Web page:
The practice of yoga may be thousands of years old, but recently modern research and study has brought its many benefits into the spotlight. In addition to increasing flexibility and strength, using yoga for lower back pain seems to be getting the most attention, sometimes with startling results. Researchers have been finding that yoga is a powerful treatment for even some of the most serious back pain conditions, such as scoliosis. In this article, we’ll also look at some OM-azing yoga poses that can work for general back pain and discuss some of the merits (and cautions) about hot yoga for lower back pain.

Why should you try yoga for lower back pain? 

Yoga stretches and strengthens every muscle in the body. Even basic poses offer a wonderful foundation to build muscle strength and flexibility, develop a strong core, and reduce back pain. As the following video explains, a large majority of lower back pain cases are due to inflexible or weak muscles in the back.

When your lower back pain is related to the muscular issues, using yoga for lower back pain may be a very effective treatment method. The poses outlined below can be used independently or together as a practice. Even carving just 15 minutes from your day to move and breathe could help you reduce your lower back pain. Several studies, including a 2013 meta-analysis of research published in Pain Research and Management, have found benefits of using yoga for lower back pain.

Before trying any new exercise regimen, however, always talk to your pain doctor. They may be able to recommend poses that will work better for you or advise you on ones to avoid. And, as every good yoga teacher should tell you, take it carefully and take it slow. Yoga is meant to be a restorative, relaxing, and energizing practice. If you ever feel sharp or severe, back off and try a gentler approach to the pose.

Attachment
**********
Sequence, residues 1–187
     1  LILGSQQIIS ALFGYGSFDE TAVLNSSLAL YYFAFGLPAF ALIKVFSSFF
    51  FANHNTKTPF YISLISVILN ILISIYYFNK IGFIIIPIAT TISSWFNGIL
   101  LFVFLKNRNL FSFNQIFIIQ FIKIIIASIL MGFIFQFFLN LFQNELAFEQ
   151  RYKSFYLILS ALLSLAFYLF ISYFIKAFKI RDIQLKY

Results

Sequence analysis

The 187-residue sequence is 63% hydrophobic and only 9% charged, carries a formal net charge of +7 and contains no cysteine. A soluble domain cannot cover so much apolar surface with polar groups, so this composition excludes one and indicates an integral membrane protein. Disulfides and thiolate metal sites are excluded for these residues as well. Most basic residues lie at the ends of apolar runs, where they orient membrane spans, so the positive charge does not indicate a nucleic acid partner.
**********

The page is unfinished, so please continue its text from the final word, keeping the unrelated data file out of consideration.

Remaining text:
7 yoga poses for lower back pain

If allowed by your pain doctor, try these six poses to see if yoga works for your back pain. These can be helpful for people who suffer from general and muscular types of back pain.

1. Cat and cow pose

Resting on all fours, with the knees below the hips and hands below the shoulders, breathe in as you lift your tailbone up. Let your belly sink to the floor while your head and chest rise. Then, exhale as you reverse, arching your back like a stretching cat. Continue this exercise slowly for ten or 20 repetitions, breathing deeply and moving at your own pace.

2. Downward facing dog

From your hands and knees, tuck your toes and lift your tailbone into the air, forming an upside down “V” with your body. Reach your heels down to the floor, but don’t worry if they don’t touch. Feel the stretch on your hamstrings and the lengthening of your back. Keep the feet hip-width apart and your hands pressing into the floor. Stay here for about one minute.

Yoga For Lower Back Pain Is Awesome (With 7 Poses To Prove It) |

3. Locust pose

From downward dog, shift forward onto your hands into a plank position and lower to the floor. Keeping your arms by your side, lift your head, chest, and legs away from the floor. You might only be able to lift a few inches off the ground; that’s okay. If lifting your shoulders and feet at once is too much, try alternating by raising the chest only and then lowering before lifting the legs. Stay elevated for 30 seconds and then release. Relax for a moment, and then repeat once or twice more. This pose strengthens the back muscles and provides a slight back bend without overly exerting the spine.

4. Bridge pose

Roll over and lie on your back. Bend your legs and press your feet into the floor, keeping your upper body still. Press into your feet and lift your tailbone, curving your back as much as feels comfortable. Clasp your hands under your back, pressing them into the ground. If you have a yoga block available, try placing it at the base of your spine for support. Stay here, breathing, for about one minute.

Yoga For Lower Back Pain Is Awesome (With 7 Poses To Prove It) |

5. Reclining big toe pose

On your back, lift one leg straight into the air. Wrap a towel, a belt, or a yoga strap around your foot. Holding onto the excess material, lift your leg toward you in a 90-degree angle until you feel the hamstring stretch. Stretch for one to three minutes, and then repeat on the other side.

6. Spinal twist